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Figure 1. Effect of GTA on membrane integrity of B. cepacia from exponential and stationary growth phases, tested with PI single-staining (PI, 5 μg/mL). Frequency of PI positive cells was determined by frequency of PI positive events of untreated cells divided by frequency of PI positive events of isopropanol-treated cells. Gates were manually set based on PI fluorescence signal of isopropanol-treated cells. Error bars represent standard deviation of three biological replicates.

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To optimize staining procedure of each species, different SYBR Green I dilutions and PI concentrations were tested in single- or double-staining experiments. Positive controls were stained with SYBR Green I and PI according to tested and applied concentrations.

Staining of S. aureus Using WGA

Prior to labeling, a working solution of 1.5 mg/mL WGA (Vector Laboratories, Burlingame, CA) was prepared in ultrapure water and stored at 4°C. WGA was fluorescently labeled using Mix-n-Stain™ CF405S antibody labeling kit (Biotium, Hayward, CA). Briefly, 75 μg of WGA were labeled according to the labeling procedure recommended by the supplier. After labeling, the WGA solution was transferred to the provided storage buffer resulting in a working solution of WGA-CF405S with a concentration of 0.18 mg/mL. After sample preparation (see above), cell suspensions of 100 μL were incubated with 20 μg/mL WGA-CF405S for 15 min in the dark at RT. Afterward, cells were centrifuged at 4,700 g for 10 min at 4°C (Heraeus Fresco; Thermo Scientific) and washed in NaCl phosphate buffer before analysis.

Three-Color Staining for Viability Assessment in Mixed Cultures

Cell suspensions were primarily stained with WGA-CF 405S as described above and subsequently incubated simultaneously with SYBR Green I (dilution 5 × 103) and PI (5 μg/mL) for 20 min in the dark at RT.

Flow Cytometry

Flow cytometric analyses were carried out using a CyFlow® space flow cytometer (Partec, Münster, Germany) equipped with a 16-mW 375-nm UV diode laser and a 20-mW 488-nm argon solid state laser. Forward (FSC) and side scatter (SSC) was collected from 488 nm excitation. SSC was set as discriminator to reduce electronic background noise during analysis. WGA-CF405S fluorescence was excited by a 375-nm laser and collected through a 455/50-nm bandpass filter. SYBR Green I and PI fluorescence were excited by a 488-nm laser and collected through a 527/30-nm bandpass or a 630-nm long pass filter, respectively. All signals were amplified logarithmically (four decades). Sampling rate was adjusted to less than 1,000 particles/s. The total number of particles was set to 20,000 events. As sheath fluid, degassed ultrapure water was applied. Data were acquired with FloMax software (Version 2.70; Partec). Stained cell suspensions were immediately analyzed after dye incubation. If necessary, samples were diluted with sheath fluid prior to staining.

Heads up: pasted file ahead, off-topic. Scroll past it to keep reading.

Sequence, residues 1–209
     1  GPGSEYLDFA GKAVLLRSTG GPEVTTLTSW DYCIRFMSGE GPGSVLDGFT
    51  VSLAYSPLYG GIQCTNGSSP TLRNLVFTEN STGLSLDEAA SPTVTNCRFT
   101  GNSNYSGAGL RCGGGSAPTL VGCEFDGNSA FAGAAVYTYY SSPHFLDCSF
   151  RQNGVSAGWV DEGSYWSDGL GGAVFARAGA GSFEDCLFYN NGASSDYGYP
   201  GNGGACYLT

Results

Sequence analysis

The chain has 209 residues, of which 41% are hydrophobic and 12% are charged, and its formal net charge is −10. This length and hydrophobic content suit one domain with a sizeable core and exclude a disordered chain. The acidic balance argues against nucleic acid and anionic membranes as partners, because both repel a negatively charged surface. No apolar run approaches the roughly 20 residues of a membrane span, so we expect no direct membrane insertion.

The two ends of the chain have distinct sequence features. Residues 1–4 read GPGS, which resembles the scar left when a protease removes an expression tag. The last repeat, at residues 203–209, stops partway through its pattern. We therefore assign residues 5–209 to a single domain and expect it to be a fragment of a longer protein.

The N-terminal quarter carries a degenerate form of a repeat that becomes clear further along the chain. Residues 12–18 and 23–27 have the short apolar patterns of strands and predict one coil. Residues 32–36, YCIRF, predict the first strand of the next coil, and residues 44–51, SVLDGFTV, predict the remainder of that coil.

Flow Cytometric Data Analysis

Data analysis, gating, and compensation were performed using FlowJo software (Version 7.6.4; Tree Star, Ashland, OR). The geometric mean value of fluorescence intensities (MFI) was expressed as relative fluorescence units (RFU). SYBR Green I and PI fluorescence signals were compensated due to spectral overlapping. Therefore, single-stained controls of SYBR Green I and PI (isopropanol-treated cells) were processed in each experiment for each species in line with the applied dye concentration. Compensation was determined and applied for data analysis on a day-to-day basis for the respective species and the applied concentration.

All gates applied for population discrimination were set manually based on control samples. For viability determination, manually set gates were applied for each species based on SYBR Green I/PI fluorescence of positive controls in pure culture. Here, only fluorescence signals of dead cells were detected. Viability gates were defined separately and applied for each exponential and stationary growth phases.

Gates for species discrimination in three-color stained mixed culture samples were defined according to WGA-CF405S fluorescence signals of stained S. aureus cells and background signal of unstained B. cepacia cells each in pure culture.

Since WGA staining caused aggregation of S. aureus cells, a gate based on scatter signals was applied to consider only single cells for viability determination of S. aureus. This gate was defined by the FSC and SSC signal of SYBR Green I/PI stained S. aureus cells in pure culture, which predominately showed single cells.

Validation of Mixed Culture Staining Protocol

The mixed culture staining protocol using SYBR Green I (5 × 103) and PI (5 μg/mL) was validated for viability determination of each species in pure culture by flow cytometry. Linearity and homogeneity of variances (F-test; f1, f2 = 7; 95%) at the upper and lower working range were determined. Mixtures of viable and dead (isopropanol-treated) cells from stationary growth phase were prepared with defined ratios. Therefore, cell suspensions both from viable and dead cells were adjusted to a fixed cell concentration (OD650 = 0.03). Each ratio was prepared eightfold independent of each other. Subsequently, individual samples at each ratio were pooled to compensate for pipetting errors and stained with SYBR Green I and PI. Single replicates of each ratio and eight replicates from both upper and lower working ranges were analyzed. Frequencies of viable cells were determined taking into account all positive fluorescence events using the gates described earlier. Theoretical values of frequencies of viable cells were determined based on the defined ratio of viable to dead cells and the adjusted cell concentration.